And take…the sword of the Spirit, which is the word of God. Ephesians 6:17
Volume 21, Number
In this issue:
A friend asked me recently if I thought Bathsheba had some scheme in mind to entice King David (2 Sam. 11:2). We would note that nothing in the text explicitly says so, or necessarily implies it. One commentator observed, “The woman that David saw was in the act of bathing (the Heb. uses the participle) in the uncovered court of her house, where, in accordance with general Eastern custom, there was a well. [Or, in her chamber, the casements being open (Patrick). In either case, the place was private, visible only from a neighboring roof; and in the East people refrain from looking down from a roof into neighbors’ courts (Philippson); so that it is on this ground an unfounded suggestion that Bathsheba was purposely bathing in an exposed place in order to attract the king’s gaze.—TR.]” (Lange, A Commentary on the Holy Scriptures: 1 & 2 Samuel, 465, Bellingham, WA: Logos Bible Software).
God knows Bathsheba’s part in this – and David’s part. David was responsible for his lust that led to adultery, lying, and murder (2 Sam. 11). Three things are recorded in 2 Samuel 11:1 that serve as warnings to protect us against yielding to sin’s temptations.
1) David was not where he should have been. He should have been east of Jerusalem, across the Jordan, besieging the Ammonite stronghold of Rabbah (2 Sam. 11:1). Instead, David was on his roof inspecting, considering, and giving attention to the beauty of Bathsheba. We expose ourselves to spiritual dangers when we are not where we should be. “Be careful little feet, where you go” (Eph. 5:15).
2) David was not at Rabbah when he should have been there. It was “the spring of the year, at the time when kings go out to battle,” but David sent Joab and his army to fight the Ammonites without him. Now is the time to watch and be sober, and to fight the battle against Satan and his cohorts (Eph. 6:10-13). We expose ourselves to spiritual danger when we are not engaged in our own spiritual duties.
3) David was doing what he should not have been doing. Instead of leading his army against the enemy, he was taking another man’s wife, then planning and executing a cover up of deception and murder. Sin does not stop where it begins. It continues to take us down the road of spiritual destruction as long as we do not set our hearts and lives on doing God’s work (see 1 Thess. 5:5-9; Col. 3:1-11; Phil. 2:11-12).
Continuing with our analysis of Bible study, it is right that we give attention to our motives before discussing the methods to use when we study the word of God. Why I study the Bible is important. Is it to attain knowledge? If so, what will I do with what I learn? Is it to win an argument, or to win a soul? Is it to make myself feel better about myself, or to improve my relation and standing with God? Is it to “grow in the grace and knowledge of the Lord,” or to grow in prestige before men (2 Pet. 3:18; Matt. 23:5)?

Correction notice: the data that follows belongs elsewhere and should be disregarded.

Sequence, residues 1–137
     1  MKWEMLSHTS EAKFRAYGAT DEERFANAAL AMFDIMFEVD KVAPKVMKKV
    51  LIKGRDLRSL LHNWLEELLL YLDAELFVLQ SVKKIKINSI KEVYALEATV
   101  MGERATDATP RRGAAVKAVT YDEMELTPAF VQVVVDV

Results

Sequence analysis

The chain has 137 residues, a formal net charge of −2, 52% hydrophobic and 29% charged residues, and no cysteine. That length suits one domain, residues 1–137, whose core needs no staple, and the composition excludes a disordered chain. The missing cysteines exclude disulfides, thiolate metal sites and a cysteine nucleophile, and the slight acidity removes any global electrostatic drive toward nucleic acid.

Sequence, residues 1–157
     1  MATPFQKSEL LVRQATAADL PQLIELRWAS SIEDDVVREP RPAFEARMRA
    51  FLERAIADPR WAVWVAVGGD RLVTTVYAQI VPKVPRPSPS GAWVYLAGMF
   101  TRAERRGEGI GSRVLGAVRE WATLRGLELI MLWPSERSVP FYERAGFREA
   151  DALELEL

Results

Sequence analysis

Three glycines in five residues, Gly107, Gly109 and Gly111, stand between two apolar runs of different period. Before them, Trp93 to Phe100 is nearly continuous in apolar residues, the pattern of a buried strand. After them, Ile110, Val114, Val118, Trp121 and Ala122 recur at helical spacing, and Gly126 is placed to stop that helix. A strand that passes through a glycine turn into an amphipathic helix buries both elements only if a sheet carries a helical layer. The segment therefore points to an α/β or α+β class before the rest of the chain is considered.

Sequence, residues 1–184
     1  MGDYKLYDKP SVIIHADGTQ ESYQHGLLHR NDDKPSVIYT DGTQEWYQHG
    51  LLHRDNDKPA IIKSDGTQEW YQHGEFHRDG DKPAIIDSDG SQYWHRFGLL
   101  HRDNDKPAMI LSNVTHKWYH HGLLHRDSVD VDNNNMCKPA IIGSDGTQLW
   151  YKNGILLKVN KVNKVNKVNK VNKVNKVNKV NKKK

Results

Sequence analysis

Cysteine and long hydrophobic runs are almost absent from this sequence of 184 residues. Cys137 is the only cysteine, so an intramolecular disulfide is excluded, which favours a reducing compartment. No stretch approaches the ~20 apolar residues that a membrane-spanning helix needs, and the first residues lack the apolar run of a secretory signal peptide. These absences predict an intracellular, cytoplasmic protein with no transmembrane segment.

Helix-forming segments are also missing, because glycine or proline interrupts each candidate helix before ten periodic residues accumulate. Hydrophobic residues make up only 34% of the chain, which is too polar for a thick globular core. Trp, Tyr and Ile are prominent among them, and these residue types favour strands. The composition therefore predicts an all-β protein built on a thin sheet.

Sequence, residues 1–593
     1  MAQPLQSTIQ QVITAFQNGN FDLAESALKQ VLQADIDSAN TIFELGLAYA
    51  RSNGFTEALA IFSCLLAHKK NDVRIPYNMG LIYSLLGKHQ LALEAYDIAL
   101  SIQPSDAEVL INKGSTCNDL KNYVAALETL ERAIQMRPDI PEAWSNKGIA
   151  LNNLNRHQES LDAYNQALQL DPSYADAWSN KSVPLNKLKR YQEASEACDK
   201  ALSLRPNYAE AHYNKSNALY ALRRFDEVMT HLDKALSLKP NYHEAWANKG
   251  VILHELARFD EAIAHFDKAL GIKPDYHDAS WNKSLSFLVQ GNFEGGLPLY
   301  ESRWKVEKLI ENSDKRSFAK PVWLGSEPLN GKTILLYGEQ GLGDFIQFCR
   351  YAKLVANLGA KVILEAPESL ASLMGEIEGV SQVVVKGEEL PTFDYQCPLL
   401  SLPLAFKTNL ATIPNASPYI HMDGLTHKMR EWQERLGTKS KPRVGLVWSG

Acquiring knowledge tempts us with pride, while believing and obeying what we learn from God’s word results from an open heart that hears and obeys God (1 Cor. 8:1-2; Lk. 8:8, 15; Acts 17:11-12). We must take heed how we hear the word of God (Lk. 8:18). Let us take stock of how our motives affect our study of the Bible.
1) Do I study the Bible to win an argument? There is a vast difference between “contending for the faith” and being contentious. One grows out of an abiding respect for revealed truth, while the other promotes self (Jude 3; 1 Cor. 3:1-4). The power of truth is such that when an honest heart begins to study the Scriptures and discovers the truth, that person will repent of his sin and obey the truth. On the other hand, our Bible study will be in vain when we study to vindicate ourselves. We will not “understand what the will of the Lord is” if we are not thoroughly committed to listening to and following God’s word (Eph. 5:17). Sadly, as Jesus said, “Why do you not understand my speech? Because you are not able to listen to My word” (Jno. 8:43).
2) Do I study the Bible with a debater mentality? The debater mentality approaches Bible study looking for “sides” with which to line up, arguments to win, and scores to settle. It hinders thorough, effective Bible study because it has already decided what to look for instead of letting the word of God speak the “whole counsel of God” on the topic under consideration. It is prone to insert human will and wisdom into the divine text. Please listen carefully: This is not an indictment against debate. Honest, earnest debate from the Scriptures can root out error while unfurling the banner of truth for us to see and follow (Acts 15:6-7, 22; 17:2-4). What we must cautiously avoid is turning Bible study into trying to win an argument, instead of understanding the text to help win souls (our own, and others). When we accurately understand the Scriptures we will have a winning argument against error without needing to rely on the wisdom, traditions, and opinions of men (Matt. 15:1-9).